It's a brilliant plan, but there's a problem: entanglement only works if you ask a particle, "what state are you in?" If you force an entangled particle into a particular state, you break the entanglement, and the measurement you make on Earth is completely independent of the measurement at the distant star. If you had simply measured the distant particle to be +1 or -1, then your measurement, here on Earth, of either -1 or +1 (respectively) would give you information about the particle located light years away. But by forcing that distant particle to be +1 or -1, that means, no matter the outcome, your particle here on Earth has a 50/50 shot of being +1 or -1, with no bearing on the particle so many light years distant.
There's a subtle shift here from the impossible operation that would allow FTL communication to a different sort of operation, and it deserves to be spelled out. That is, in the original statement, you "make a measurement that forces the particle" to be in a particular state, while in the second you "force an entangled particle into a particular state" which breaks the entanglement. Those are not the same thing, though-- one is a measurement, the other is a change of state followed by a measurement.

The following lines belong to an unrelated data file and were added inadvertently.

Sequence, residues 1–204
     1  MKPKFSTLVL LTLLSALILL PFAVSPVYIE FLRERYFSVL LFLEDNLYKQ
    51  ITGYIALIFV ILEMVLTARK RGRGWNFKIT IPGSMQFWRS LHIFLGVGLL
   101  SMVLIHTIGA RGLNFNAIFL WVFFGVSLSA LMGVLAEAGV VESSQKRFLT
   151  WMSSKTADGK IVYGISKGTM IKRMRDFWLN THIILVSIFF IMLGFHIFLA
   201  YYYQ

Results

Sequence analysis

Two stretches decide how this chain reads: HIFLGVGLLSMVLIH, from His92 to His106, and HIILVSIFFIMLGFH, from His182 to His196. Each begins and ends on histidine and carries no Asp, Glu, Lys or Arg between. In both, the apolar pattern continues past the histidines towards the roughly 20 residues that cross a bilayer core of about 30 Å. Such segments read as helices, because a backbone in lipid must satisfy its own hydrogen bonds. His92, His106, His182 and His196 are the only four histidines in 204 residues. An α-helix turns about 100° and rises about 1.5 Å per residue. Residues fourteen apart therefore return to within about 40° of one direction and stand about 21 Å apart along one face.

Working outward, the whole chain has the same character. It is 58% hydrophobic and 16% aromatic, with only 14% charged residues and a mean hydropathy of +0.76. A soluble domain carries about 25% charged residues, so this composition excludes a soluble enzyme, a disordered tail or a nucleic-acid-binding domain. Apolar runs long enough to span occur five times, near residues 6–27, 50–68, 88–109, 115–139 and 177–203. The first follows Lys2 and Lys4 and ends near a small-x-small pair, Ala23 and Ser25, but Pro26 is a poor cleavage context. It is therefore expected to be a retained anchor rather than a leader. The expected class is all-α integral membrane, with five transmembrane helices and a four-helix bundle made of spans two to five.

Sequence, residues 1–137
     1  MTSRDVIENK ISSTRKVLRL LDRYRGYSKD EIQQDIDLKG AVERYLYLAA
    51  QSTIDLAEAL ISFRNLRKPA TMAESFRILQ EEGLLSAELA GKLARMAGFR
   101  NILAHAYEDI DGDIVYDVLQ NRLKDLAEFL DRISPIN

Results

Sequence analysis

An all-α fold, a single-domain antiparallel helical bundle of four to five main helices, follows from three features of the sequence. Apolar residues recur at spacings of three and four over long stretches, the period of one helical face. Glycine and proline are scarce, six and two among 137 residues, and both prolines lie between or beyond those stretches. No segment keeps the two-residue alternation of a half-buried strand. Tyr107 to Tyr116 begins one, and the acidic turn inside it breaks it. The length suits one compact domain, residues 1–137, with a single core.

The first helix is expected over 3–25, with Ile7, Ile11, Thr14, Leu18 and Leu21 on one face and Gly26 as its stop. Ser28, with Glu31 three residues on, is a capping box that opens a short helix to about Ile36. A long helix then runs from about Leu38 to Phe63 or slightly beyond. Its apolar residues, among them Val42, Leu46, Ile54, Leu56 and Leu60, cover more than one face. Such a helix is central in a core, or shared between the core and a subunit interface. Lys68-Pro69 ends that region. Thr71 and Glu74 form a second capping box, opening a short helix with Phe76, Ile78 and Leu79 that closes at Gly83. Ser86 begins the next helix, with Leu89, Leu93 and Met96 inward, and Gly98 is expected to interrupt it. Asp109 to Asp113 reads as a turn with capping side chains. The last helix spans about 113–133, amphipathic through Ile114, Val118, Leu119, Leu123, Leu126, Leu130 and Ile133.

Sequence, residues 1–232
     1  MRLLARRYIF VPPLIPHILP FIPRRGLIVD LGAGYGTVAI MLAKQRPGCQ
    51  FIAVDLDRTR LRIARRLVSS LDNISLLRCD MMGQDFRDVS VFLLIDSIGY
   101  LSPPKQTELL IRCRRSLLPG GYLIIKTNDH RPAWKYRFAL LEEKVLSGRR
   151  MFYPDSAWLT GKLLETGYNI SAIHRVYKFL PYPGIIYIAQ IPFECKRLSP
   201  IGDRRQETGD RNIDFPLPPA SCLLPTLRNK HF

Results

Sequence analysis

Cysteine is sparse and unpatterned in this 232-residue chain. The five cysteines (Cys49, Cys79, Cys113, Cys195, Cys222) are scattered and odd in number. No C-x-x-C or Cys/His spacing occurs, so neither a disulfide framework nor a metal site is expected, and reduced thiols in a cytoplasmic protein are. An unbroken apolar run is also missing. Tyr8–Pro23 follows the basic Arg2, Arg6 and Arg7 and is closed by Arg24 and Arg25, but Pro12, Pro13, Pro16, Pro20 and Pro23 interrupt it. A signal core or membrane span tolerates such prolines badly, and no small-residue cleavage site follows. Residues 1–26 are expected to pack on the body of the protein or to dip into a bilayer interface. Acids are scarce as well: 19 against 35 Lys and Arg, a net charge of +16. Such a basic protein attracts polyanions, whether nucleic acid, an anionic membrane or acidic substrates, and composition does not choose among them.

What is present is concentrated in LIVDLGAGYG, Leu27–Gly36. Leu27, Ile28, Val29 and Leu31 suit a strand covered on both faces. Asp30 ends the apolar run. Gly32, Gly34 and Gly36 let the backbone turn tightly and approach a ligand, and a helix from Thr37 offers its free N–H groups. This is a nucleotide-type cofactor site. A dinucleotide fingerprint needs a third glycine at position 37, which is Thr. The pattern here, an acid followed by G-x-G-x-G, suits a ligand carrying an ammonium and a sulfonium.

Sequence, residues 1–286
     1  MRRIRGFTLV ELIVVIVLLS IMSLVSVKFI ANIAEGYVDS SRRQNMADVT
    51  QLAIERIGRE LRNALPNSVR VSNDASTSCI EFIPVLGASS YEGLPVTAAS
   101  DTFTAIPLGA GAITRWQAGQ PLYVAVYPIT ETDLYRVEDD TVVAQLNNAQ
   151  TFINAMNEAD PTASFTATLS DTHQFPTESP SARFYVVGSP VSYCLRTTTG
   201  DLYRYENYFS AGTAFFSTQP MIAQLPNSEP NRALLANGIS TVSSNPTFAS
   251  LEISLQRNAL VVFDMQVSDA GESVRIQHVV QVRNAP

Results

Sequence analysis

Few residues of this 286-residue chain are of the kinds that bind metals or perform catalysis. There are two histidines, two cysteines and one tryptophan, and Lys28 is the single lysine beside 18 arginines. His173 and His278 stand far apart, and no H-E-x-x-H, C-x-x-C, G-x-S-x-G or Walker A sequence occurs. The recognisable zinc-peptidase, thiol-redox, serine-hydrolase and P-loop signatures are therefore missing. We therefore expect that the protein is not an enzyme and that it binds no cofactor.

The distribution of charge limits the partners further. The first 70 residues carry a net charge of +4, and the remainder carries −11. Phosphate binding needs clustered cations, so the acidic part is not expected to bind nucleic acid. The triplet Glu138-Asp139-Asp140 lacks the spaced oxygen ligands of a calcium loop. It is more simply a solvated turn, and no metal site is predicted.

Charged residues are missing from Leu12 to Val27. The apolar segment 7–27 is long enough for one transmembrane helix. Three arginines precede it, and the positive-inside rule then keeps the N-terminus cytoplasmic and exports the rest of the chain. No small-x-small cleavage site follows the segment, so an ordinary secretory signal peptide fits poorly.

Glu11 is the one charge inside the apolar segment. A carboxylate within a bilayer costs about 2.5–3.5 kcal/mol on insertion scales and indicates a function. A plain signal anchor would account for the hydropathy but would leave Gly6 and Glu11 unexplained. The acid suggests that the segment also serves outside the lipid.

It helps to think about a concrete implementation of this to make the distinction clear. So, imagine Alice's particle is one of the trapped ions that people regularly use to do quantum information experiments, which can be in one of two internal states. If her particle starts in a superposition of equal parts "0" and "1," how would she go about forcing a definite measurement outcome, let's say "1"?
The answer is to do an operation that we would describe in words as "If you're in state 0, flip the state, otherwise leave it alone." For a trapped-ion system, this is done using lasers to drive a transition from state 0 to state 1 by way of a third state (the jargon term for this is a "Raman transition"). If you choose your states carefully, you can arrange it so that an atom in state 0 will absorb the laser and flip its state, but an atom in state 1 won't interact with the laser at all. This sort of selective absorption is how they distinguish between states 0 and 1 in real trapped-ion experiments (state 0 absorbs a laser photon then re-emits the light, and repeating this a few million times a second gives you a bright spot on a camera pointed at the trap holding the ion), and a two-particle variant of it is how you entangle ions in the first place (the operation is "If Ion A is in state 1, flip the state of Ion B," and you give it an input state where B is definitely in state 0 and A is in a superposition of 0 and 1).
I do not know how to make a quantum detector or state changer that will always give me the original message. Do you have any ideas